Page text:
By Robert J. Sawyer; Read by Mark Deakins
9 CDs – Approx. 10.5 Hours [UNABRIDGED]
Publisher: Blackstone Audio
Themes: / Science Fiction / Hard SF / Time Travel / Disaster / Physics / Toronto / CERN / Murder / Mystery / Switzerland /
A scientific experiment begins, and as the button is pressed, the unexpected occurs: everyone in the world goes to sleep for a few moments while everyone’s consciousness is catapulted more than twenty years into the future. At the end of those moments, when the world reawakens, all human life is transformed by foreknowledge. Was that shocking revelation a peek at the real, unalterable future, or was it only one of many possible futures? What happens when a man tries to change it, like the doctor who has twenty years to try to prevent his own murder? How will the foreknowledge of a part of “then” affect the experience of the “now”?
This is the sixth Robert J. Sawyer novel that I have enjoyed. But, I didn’t get into it via the usual route. I started watching the TV series without explicitly knowing that it was an audiobook, that it was by Robert J. Sawyer, or that the novel even existed. But after seeing the TV series go into a mid-season hiatus I discovered the novel, and decided this was the perfect chance to read the story upon which it was based. Having seen the first half of the first season, and having read the novel, I recommend that you don’t watch any of the FlashForward TV series until you have read the audiobook. Both are really good and worthy, but different. The TV show is not spoiled by the audiobook, but seeing how it was adapted should add some value. The novel veers towards Hard SF, whilst the TV show is more of a Hollywood drama with SF leanings.
I personally found a couple of blemishes in the novel’s story that may only bother a few others. George Bernard Shaw and I agree that your particular country is not that interesting just because you were born there. I can understand mentioning TRIUMF and the Sudbury Neutrino Observatory, they are useful to the plot and interesting. But the Toronto Transit Commission (TTC)? I ride it every day, and I don’t care. This and a few other Canada Canada Canada details are like being beaten with a Canadian hockey stick. Does the truly “True Great North” need to be bragged about? How un-Canadian. Another quibble, for me, was Sawyer use of John A. Wheeler’s Participatory Anthropic Principle, where things exist only when observed by a consciousness. I cannot fathom anybody believing this anthropocentric twaddle, the idea should be banished like the dark matter, astrology, and celestial spheres. Humans are neither that powerful nor that important.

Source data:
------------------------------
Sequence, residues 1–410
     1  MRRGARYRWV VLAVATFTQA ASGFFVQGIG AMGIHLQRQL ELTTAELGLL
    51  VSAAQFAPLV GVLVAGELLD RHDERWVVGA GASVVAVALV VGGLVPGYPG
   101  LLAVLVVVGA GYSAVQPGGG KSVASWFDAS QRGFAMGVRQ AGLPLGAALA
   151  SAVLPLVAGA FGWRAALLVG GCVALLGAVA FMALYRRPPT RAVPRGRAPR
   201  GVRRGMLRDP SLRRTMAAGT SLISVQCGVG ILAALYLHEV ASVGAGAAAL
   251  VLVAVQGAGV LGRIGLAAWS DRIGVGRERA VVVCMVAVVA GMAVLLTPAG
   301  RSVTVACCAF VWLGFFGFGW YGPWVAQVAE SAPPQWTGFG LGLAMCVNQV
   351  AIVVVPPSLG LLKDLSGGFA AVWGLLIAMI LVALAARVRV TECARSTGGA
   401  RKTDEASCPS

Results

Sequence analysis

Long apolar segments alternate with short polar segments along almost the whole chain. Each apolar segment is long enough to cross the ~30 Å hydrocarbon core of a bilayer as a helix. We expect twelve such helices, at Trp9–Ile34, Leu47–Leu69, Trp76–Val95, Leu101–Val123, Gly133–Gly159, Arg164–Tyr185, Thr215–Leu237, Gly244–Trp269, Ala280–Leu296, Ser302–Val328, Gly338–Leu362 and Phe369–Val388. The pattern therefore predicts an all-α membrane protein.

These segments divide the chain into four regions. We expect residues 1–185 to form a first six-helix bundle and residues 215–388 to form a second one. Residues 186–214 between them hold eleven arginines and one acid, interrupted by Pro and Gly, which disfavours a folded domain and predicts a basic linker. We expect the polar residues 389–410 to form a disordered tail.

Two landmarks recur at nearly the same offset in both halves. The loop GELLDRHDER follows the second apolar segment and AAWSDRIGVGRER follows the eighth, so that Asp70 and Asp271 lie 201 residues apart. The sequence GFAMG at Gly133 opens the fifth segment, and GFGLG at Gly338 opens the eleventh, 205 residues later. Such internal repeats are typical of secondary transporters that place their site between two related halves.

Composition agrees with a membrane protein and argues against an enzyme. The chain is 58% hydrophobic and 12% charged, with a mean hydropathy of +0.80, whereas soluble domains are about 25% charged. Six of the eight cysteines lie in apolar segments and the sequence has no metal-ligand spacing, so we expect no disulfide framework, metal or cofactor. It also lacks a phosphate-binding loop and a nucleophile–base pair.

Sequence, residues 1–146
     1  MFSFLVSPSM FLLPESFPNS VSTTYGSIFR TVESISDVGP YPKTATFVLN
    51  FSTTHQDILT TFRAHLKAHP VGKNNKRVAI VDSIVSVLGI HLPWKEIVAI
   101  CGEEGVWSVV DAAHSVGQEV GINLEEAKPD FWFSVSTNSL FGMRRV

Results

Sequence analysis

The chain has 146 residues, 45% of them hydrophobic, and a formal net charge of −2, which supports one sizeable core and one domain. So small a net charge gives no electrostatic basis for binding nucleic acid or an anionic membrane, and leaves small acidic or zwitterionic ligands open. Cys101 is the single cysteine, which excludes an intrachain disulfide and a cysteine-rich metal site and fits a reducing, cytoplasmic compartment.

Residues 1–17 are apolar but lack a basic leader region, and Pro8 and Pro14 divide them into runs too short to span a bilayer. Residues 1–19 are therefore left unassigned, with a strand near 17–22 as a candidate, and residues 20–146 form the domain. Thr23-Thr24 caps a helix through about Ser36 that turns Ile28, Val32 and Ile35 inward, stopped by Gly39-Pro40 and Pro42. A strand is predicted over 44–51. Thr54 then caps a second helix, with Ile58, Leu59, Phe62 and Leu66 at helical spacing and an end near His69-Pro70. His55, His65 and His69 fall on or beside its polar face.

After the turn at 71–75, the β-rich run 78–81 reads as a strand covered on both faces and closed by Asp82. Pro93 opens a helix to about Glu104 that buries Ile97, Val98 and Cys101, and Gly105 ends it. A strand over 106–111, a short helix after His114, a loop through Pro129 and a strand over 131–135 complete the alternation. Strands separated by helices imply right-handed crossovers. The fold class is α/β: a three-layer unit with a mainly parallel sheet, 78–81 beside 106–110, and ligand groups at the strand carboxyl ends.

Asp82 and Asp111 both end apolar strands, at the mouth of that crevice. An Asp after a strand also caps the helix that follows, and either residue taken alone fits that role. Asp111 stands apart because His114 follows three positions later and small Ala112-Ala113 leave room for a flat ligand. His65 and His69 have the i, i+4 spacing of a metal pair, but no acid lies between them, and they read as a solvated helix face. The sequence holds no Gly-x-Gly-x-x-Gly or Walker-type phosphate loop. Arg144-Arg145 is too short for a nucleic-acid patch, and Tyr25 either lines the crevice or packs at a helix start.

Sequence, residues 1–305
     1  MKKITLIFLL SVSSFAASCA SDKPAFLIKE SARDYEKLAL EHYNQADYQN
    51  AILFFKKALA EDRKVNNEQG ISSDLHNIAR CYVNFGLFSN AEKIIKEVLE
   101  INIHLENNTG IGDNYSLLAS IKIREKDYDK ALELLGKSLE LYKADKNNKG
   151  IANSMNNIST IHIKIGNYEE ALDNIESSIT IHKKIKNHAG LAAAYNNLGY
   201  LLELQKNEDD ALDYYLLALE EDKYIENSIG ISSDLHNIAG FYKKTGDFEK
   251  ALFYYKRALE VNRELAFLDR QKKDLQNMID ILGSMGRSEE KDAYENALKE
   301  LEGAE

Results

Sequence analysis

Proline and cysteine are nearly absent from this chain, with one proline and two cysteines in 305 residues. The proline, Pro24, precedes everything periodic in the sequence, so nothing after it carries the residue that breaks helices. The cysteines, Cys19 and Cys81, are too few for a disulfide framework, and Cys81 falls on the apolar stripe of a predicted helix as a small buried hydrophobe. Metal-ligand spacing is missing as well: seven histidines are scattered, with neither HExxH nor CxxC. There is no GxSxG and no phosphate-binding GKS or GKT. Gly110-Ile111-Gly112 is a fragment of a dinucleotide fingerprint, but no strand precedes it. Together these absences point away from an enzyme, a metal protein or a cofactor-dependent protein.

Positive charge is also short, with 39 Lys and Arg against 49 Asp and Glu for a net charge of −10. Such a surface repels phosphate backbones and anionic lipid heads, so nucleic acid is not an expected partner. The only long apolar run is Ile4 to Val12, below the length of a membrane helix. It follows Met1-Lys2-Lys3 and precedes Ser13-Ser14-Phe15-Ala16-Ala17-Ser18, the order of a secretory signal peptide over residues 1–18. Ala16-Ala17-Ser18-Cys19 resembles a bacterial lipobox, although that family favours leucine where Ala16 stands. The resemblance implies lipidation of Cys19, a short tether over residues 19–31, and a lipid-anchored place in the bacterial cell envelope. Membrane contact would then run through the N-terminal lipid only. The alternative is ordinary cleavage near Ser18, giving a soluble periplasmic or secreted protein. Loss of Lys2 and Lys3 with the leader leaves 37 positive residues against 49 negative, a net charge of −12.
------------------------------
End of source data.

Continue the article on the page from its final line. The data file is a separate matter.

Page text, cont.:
Despite these quibbles FlashForward has an obliging rationalistic science slant. Consistency reigns. If you like to hear scientists with reasonable amounts of emotions talking, this book is for you. The conversations were what I expect from physicists. The visions of the future, caused by the flashforwards of the title, were very down to earth and believable. The audiobook also mixes in a modicum of mystery, via a future “who done it.” I predicted some of the events and was pleasantly surprised by others in this not-too-long a story. The ending, though plausible, did not unfurl as I had expected.
Narrator Mark Deakins gave a realistic delivery. His only error being when he twice mis-pronunced “Dyson” with the accent incorrectly on the last syllable, as in “Die-sown.” FlashForward is definitely worth a listen.